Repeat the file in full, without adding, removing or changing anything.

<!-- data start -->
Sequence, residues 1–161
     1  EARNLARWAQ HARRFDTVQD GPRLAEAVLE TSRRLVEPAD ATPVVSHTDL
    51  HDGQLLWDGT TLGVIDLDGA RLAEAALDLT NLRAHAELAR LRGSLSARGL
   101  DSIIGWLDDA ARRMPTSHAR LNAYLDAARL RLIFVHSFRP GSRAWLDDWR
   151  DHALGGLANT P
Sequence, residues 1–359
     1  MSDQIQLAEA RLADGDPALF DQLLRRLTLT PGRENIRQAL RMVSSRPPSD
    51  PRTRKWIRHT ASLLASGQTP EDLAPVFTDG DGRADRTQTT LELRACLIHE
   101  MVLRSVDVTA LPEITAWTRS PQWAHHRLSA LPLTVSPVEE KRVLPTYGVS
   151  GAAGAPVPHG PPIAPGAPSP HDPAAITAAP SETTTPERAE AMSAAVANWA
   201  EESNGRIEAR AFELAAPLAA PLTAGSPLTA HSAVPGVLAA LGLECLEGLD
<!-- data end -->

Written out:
Sequence, residues 1–161
     1  EARNLARWAQ HARRFDTVQD GPRLAEAVLE TSRRLVEPAD ATPVVSHTDL
    51  HDGQLLWDGT TLGVIDLDGA RLAEAALDLT NLRAHAELAR LRGSLSARGL
   101  DSIIGWLDDA ARRMPTSHAR LNAYLDAARL RLIFVHSFRP GSRAWLDDWR
   151  DHALGGLANT P
Sequence, residues 1–359
     1  MSDQIQLAEA RLADGDPALF DQLLRRLTLT PGRENIRQAL RMVSSRPPSD
    51  PRTRKWIRHT ASLLASGQTP EDLAPVFTDG DGRADRTQTT LELRACLIHE
   101  MVLRSVDVTA LPEITAWTRS PQWAHHRLSA LPLTVSPVEE KRVLPTYGVS
   151  GAAGAPVPHG PPIAPGAPSP HDPAAITAAP SETTTPERAE AMSAAVANWA
   201  EESNGRIEAR AFELAAPLAA PLTAGSPLTA HSAVPGVLAA LGLECLEGLD